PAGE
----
In a new explainer, RFF Fellow Beia Spiller and collaborator Heather Stephens describe the factors that affect gasoline prices, how prices have changed over time, and how consumers react to changing prices. “By having a clear understanding of what affects gasoline prices and how households respond,” they say, “we can begin to identify policies that will be most effective in reducing the impacts high prices have on households.”
Destenie Nock joined the Resources Radio podcast last week to discuss the extent of energy poverty in the United States. “In 2020, [the US Energy Information Administration] reported that 27 percent of US households had difficulty meeting their energy needs,” says Nock. “We believe that there are more homes that are not self-reporting these indicators because one thing that we know about people who experience poverty is that nobody actually wants to admit it.”
A new journal article coauthored by RFF Fellow Daniel Raimi ranks and maps the counties in the United States that are most likely to be affected by a transition away from fossil fuels. “The energy transition toward lower-carbon energy sources will inevitably result in socioeconomic impacts on certain communities,” say Raimi and his coauthors. “Counties in Appalachia, Texas and the Gulf Coast region, and the Intermountain West are likely to experience the most significant impacts.”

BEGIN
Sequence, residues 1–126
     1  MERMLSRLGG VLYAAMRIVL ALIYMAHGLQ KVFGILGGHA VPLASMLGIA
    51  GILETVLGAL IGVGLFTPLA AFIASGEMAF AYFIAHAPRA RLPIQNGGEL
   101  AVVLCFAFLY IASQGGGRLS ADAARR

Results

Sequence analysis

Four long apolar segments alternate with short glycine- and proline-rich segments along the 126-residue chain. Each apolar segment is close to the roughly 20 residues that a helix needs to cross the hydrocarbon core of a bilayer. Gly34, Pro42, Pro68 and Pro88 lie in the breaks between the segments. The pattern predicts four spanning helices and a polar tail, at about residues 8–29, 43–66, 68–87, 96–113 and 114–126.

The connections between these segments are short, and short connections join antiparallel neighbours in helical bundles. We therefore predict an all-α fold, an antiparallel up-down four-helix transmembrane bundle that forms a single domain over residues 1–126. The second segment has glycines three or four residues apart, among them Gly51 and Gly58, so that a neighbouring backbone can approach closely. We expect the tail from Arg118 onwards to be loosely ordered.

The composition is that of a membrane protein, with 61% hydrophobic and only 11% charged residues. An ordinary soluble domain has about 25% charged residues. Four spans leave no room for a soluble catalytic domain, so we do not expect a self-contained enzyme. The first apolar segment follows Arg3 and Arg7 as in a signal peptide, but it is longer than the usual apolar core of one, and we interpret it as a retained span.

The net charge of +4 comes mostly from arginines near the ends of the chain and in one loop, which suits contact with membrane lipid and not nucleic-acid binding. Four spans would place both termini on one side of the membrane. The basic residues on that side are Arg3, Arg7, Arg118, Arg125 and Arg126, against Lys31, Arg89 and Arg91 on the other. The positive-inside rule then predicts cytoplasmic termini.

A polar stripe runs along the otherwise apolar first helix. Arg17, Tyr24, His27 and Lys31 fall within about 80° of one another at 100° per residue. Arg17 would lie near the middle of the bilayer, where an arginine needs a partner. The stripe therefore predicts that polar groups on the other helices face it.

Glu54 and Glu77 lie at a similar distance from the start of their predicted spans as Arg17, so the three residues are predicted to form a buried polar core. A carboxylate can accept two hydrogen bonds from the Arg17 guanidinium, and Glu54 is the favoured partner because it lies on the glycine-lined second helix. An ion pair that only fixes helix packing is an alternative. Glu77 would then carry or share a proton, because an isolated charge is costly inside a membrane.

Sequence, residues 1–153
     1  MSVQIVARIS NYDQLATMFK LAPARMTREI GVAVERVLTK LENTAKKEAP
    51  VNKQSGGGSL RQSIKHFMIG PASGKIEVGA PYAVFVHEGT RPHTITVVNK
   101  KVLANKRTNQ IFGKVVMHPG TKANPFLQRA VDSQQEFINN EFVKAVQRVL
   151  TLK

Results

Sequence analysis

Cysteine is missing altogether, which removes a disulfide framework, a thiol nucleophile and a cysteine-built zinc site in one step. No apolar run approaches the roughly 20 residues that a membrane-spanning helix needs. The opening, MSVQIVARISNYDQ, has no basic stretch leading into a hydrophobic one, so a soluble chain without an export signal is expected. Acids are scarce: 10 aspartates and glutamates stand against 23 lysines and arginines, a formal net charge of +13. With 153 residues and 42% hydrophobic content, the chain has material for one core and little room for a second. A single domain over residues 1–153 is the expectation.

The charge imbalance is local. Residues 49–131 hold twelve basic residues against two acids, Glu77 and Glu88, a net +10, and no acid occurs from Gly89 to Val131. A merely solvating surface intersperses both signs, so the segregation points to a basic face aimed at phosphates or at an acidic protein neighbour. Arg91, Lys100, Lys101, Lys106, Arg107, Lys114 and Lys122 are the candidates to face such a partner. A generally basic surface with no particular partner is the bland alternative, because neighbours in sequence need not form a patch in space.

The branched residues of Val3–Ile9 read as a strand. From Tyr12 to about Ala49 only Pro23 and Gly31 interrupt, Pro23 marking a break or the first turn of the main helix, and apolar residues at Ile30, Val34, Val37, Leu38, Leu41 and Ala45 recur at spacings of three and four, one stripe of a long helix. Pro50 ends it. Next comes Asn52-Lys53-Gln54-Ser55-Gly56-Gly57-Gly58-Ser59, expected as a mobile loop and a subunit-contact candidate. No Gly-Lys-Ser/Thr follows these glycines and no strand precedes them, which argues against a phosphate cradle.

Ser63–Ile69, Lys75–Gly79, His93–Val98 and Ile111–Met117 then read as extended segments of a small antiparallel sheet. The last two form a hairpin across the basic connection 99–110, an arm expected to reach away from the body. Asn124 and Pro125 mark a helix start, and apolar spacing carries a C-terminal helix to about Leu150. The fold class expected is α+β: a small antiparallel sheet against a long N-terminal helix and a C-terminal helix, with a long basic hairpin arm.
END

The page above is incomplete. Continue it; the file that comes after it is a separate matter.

Carbon pricing is a climate policy approach that charges emitters for the carbon dioxide they emit. In a recent journal article, RFF Postdoctoral Fellow Geoffroy Dolphin and former Research Analyst Qinrui Xiahou introduce a database that tracks the implementation of carbon prices across the globe. The database is “a valuable tool to track the development of carbon pricing mechanisms,” Dolphin and Xiahou say, providing “enough data to analyze their impact in a broad range of social, technological, and sectoral contexts.”
Russia has cut off its deliveries of natural gas to much of the European Union, as a response to EU sanctions over the war in Ukraine. Because EU market rules dictate that the most expensive provider of electricity will set the wholesale price for all electricity suppliers, the natural gas stoppage that caused a spike in natural gas prices throughout Europe increased electricity prices, too. The EU rules also mean that, even if some renewable energy sources generate electricity more cheaply than natural gas plants, those renewables aren't likely to decrease the wholesale price of electricity.